SHORT VIDEO CLIP: THE PIPING PLOVERS OF GOOD HARBOR BEACH
Work has begun in earnest sorting through all the Piping Plover footage and editing the documentary. In the mean time, I thought readers would enjoy this rare moment where we catch a glimpse of the new born chicks, with both mom and dad together.
Impossibly tiny—no larger than a marshmallow—moments after hatching a Piping Plover chick is on the move, running, tumbling, somersaulting, face-planting, and curious about every little thing in their brand new great big world. PuffPuff, FluffFluff, and TootsiePop are less than twenty-four hours old in this clip. Our East Gloucester neighborhood kids named the Plover family after spending an afternoon getting to know them, watching safely from outside the roped off area.
Dad Joe finds an impression in the sand and the chicks come running to warm under his protective wings. Piping Plover chicks can feed themselves at birth but can’t yet perfectly regulate their body temperature. They need Mom and Dad for protection and for the warmth they provide. After a few moments rest, Joe pops up and Joy zooms in to take his place. Watch how PuffPuff does a somersault and FluffFluff gives her a little bump out of their cozy nest. Mom runs off camera to create a new resting spot and the chicks are chided by piping calls to come join her.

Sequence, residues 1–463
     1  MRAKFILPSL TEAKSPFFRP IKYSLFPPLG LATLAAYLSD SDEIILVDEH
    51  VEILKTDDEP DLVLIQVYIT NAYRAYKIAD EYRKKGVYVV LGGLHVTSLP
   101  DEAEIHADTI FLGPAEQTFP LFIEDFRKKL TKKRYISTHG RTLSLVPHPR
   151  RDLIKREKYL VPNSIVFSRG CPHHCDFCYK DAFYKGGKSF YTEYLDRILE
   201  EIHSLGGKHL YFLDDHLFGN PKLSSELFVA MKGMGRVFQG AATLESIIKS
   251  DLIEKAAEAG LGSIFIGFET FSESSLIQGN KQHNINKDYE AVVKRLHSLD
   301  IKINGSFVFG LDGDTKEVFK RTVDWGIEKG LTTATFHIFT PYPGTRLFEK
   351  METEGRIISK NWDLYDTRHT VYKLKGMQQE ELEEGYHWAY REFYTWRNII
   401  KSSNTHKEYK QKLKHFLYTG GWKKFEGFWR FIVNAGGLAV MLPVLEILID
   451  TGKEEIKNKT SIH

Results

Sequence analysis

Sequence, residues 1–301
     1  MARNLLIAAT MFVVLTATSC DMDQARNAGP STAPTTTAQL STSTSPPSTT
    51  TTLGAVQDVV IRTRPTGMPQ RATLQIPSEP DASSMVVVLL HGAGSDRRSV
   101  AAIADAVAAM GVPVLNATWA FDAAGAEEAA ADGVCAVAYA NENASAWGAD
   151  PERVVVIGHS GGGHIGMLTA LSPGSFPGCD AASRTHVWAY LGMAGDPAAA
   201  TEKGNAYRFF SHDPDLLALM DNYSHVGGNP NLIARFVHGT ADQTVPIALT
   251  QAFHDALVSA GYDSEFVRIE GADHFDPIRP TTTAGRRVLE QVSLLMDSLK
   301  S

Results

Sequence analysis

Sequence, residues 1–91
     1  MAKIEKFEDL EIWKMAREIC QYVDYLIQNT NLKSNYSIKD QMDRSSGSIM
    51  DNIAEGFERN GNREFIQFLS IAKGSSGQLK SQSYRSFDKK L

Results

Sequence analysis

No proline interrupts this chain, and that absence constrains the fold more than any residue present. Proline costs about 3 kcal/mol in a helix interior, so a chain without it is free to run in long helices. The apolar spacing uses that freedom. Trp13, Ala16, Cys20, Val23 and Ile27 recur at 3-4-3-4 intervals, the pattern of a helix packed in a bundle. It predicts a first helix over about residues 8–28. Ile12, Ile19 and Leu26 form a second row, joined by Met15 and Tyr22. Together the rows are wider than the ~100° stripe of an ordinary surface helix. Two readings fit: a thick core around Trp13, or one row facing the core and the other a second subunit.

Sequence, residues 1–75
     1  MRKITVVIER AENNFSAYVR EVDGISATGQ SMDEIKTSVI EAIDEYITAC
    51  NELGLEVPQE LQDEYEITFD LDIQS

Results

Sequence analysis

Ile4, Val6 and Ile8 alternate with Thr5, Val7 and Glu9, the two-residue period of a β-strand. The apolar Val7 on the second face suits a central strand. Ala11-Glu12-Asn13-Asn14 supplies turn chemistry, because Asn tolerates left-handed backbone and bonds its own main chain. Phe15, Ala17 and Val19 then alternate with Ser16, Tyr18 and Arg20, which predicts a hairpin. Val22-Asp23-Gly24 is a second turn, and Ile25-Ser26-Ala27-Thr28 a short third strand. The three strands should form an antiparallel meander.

In shades of bone and driftwood, note how beautifully the Plovers are camouflaged in the colors of the sand and dry beach grass. There isn’t a living thing that doesn’t pose a threat to these most vulnerable of creatures. For protection against predators they will soon learn how to stand perfectly still when Joe and Joy pipe commands, but for now, it’s willy-nilly around the beach, much to the parents great consternation.
Thanks to Esme, Lotus, Meadow, Frieda, and Ruby for naming the Piping Plover family!